Various researchers from American universities have discovered an attack method called EarSpy. This uses the phone’s accelerometer to decipher the words passing through the phone’s listening loudspeaker.
This second speaker is on the top edge of the phone // Source: Arnaud Gelineau for Aroged
This is news that is enough to raise an eyebrow or two. According to Security Week, researchers have managed to develop a security flaw that uses your phone’s top speaker, the one to hear the person you’re calling, to spy on you.
In a paper published on Christmas Eve, researchers from various American universities demonstrated that the phone’s accelerometer could capture the vibrations generated by the listening speaker. Their attack method is called EarSpy. If other studies had been able to use the main loudspeaker, this is a first, without any help from an external device.
Fewer permissions requested
This new attack can be particularly dangerous and effective in the sense that it does not require, unlike traditional malware, advanced permissions. Phone and app developers generally consider accelerometer vibration data to be raw, insensitive data, unaware that conversational content can be extracted from it.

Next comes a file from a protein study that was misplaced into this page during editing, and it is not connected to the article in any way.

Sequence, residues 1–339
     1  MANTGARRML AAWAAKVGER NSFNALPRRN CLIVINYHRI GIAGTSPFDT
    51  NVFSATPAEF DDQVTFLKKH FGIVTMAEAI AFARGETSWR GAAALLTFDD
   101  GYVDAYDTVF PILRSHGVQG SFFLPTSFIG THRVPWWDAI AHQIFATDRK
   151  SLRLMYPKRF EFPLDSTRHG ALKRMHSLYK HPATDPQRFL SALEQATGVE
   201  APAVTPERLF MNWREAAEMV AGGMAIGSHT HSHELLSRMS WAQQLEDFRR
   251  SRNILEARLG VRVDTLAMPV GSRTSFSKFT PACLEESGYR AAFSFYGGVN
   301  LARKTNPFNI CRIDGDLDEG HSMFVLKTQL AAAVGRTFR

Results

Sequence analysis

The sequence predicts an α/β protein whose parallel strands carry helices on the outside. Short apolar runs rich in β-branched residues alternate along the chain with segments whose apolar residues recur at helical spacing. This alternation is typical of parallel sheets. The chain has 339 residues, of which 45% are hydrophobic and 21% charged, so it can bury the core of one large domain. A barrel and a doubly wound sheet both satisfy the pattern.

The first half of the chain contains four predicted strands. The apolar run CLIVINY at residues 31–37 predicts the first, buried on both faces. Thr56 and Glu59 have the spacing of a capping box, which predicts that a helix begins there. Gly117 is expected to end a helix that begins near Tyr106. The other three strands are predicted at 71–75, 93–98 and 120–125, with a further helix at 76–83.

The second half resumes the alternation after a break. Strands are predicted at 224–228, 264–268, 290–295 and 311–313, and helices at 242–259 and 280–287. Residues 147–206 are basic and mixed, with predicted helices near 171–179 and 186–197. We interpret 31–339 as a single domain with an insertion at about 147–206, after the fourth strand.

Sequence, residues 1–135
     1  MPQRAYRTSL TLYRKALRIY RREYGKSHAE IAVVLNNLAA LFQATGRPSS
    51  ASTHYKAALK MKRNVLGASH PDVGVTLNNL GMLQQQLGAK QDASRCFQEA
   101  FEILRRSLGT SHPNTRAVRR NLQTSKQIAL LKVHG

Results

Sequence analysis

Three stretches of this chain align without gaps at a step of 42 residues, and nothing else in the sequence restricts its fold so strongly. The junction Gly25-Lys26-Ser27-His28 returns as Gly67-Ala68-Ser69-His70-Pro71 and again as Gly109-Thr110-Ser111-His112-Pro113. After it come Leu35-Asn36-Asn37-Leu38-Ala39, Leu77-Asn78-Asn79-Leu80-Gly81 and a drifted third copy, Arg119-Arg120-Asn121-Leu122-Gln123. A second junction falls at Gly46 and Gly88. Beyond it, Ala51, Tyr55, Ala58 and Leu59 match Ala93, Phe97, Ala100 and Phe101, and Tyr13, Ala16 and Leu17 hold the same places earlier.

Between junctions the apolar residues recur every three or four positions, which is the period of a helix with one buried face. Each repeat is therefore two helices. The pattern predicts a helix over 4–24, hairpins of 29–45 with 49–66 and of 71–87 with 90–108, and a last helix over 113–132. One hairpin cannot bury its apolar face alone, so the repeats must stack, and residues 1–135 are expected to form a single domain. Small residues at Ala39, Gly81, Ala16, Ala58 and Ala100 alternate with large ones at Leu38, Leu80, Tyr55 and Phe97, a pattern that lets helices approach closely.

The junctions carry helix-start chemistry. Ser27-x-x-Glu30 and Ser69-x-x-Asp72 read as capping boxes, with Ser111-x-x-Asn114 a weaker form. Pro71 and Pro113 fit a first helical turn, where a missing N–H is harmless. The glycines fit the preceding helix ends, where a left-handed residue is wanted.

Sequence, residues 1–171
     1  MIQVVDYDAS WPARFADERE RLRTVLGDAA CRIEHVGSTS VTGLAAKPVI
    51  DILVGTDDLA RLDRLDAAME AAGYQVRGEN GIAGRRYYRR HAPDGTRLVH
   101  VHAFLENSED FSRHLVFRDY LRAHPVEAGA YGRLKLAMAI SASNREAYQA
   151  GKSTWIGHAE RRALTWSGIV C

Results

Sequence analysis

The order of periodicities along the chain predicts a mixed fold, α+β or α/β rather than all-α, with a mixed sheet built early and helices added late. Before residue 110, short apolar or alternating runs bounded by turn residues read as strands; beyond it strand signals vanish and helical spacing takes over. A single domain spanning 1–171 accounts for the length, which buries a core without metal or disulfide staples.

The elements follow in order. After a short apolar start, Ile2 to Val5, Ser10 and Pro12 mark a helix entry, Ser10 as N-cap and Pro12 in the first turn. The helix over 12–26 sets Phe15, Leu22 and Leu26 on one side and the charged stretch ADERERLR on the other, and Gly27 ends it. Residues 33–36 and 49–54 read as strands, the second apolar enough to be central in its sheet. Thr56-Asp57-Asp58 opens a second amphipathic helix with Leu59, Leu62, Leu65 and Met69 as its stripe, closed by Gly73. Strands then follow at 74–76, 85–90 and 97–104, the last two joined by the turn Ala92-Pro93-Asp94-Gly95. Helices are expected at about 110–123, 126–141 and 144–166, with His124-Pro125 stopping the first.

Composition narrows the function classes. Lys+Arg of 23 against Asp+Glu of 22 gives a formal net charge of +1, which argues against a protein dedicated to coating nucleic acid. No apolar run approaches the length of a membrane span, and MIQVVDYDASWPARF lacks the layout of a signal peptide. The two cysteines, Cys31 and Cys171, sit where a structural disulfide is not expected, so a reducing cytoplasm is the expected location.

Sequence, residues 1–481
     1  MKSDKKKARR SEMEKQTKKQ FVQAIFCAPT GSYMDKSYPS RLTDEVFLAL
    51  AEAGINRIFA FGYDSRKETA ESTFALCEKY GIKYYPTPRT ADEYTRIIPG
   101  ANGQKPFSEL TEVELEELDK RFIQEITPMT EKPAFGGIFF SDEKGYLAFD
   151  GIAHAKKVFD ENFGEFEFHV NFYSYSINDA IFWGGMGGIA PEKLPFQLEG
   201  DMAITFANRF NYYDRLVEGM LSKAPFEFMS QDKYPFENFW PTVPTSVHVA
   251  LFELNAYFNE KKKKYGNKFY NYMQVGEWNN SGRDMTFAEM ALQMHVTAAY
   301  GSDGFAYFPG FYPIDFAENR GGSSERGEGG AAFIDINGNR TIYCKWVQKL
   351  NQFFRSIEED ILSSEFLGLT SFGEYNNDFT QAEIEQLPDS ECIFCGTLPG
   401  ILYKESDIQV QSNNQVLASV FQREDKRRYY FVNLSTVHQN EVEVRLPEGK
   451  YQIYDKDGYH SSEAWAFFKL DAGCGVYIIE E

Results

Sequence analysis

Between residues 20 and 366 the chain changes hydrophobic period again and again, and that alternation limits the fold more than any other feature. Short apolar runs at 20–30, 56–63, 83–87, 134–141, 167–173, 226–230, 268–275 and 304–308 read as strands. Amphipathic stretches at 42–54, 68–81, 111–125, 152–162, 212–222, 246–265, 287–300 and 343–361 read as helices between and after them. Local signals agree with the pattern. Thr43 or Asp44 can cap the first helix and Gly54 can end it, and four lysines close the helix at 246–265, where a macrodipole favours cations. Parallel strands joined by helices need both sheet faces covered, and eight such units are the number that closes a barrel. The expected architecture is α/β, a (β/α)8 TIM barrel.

The researchers conducted their study on two smartphones, the OnePlus 7T and OnePlus 9, so this is a flaw that concerns Android and not iOS. Their findings lead them to believe that the latest generations of Android smartphones are more affected, since the progressive improvement of earphones makes capture easier.
A maddening precision on specific elements
It should be noted, however, that EarSpy, as sophisticated as it is, is not capable of extracting the content of a conversation in full. It is able to analyze the reverberation from the loudspeaker to the accelerometer by extracting “time-frequency domain characteristics and spectrograms”.
The analysis produced focuses on a few sensitive pieces of information: the gender, the identity of the person speaking at the end of the line and more broadly, speech recognition. For the first two elements, the precision is strong. 98% success in determining the gender and 92% in identifying the caller. On the other hand, for pure and hard voice recognition, the success rate drops to 56%, which is still quite high based on simple vibrations.
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